C++ programs are organised into classes comprising of member functions and member variables. A simple HelloWorld.cpp like below can be classified into two parts: the preprocessor directives which start with # and the main program that starts with int main()

A preprocessor is a tool that runs before the actual compilation starts. Preprocessor directives are commands to the preprocessor that always start with the # symbol. A custom header created by the programmer will be encapsulated by quotes "..." instead of brackets <...> which are typically used when including standard headers.

Custom: #include "...relative path to file\file.h"

Typical: #include <file.h>

After the preprocessor directive(s) is the body of the program characterized by the function main(). It’s a standard convention that function main() is declared with an int preceding it. int is the return value type.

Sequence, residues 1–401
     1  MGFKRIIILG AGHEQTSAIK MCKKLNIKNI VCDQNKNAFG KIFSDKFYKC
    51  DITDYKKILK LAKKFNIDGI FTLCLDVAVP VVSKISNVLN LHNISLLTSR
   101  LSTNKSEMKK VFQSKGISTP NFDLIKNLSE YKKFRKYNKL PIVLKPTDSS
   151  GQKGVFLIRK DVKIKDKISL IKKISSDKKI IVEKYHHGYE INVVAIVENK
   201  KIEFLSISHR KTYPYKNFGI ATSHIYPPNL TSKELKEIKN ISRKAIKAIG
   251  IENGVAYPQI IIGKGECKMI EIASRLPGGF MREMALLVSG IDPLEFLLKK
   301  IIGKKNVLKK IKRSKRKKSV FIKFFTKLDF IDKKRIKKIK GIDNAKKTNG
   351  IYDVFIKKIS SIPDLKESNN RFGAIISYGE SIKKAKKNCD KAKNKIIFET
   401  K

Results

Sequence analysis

Functions in C++ need to return a value unless specifically specified otherwise. In main() an int is always returned since it is indeed a function. This is very useful since it provides the ability to query on the returned value of the application. A typical success return value is 0 and in the event of an error -1 is returned.

Namespaces are names given to parts of code in order to reduce naming conflicts. By invoking std::cout, you are telling the compiler to use that one unique cout that is available in the std namespace.

C++ has two comment styles:

// indicates the start of a line and is valid to the end of that line.

/* followed by */ indicates the contained text is a comment.

Functions enable you to divide the content of your application into functional units that can be invoked in a sequence of your choosing. In a C++ console application main() is the starting function of your application.

Example of using functions in C++:

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